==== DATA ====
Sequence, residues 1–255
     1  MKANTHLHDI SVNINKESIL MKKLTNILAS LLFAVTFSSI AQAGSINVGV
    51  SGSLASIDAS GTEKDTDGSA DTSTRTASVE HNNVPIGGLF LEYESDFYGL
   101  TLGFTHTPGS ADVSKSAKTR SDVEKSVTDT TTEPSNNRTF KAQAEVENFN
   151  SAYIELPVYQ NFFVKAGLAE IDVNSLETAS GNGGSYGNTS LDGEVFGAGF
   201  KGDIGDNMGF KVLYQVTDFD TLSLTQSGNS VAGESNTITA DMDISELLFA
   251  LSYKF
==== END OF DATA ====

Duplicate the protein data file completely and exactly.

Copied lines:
Sequence, residues 1–255
     1  MKANTHLHDI SVNINKESIL MKKLTNILAS LLFAVTFSSI AQAGSINVGV
    51  SGSLASIDAS GTEKDTDGSA DTSTRTASVE HNNVPIGGLF LEYESDFYGL
   101  TLGFTHTPGS ADVSKSAKTR SDVEKSVTDT TTEPSNNRTF KAQAEVENFN
   151  SAYIELPVYQ NFFVKAGLAE IDVNSLETAS GNGGSYGNTS LDGEVFGAGF
   201  KGDIGDNMGF KVLYQVTDFD TLSLTQSGNS VAGESNTITA DMDISELLFA
   251  LSYKF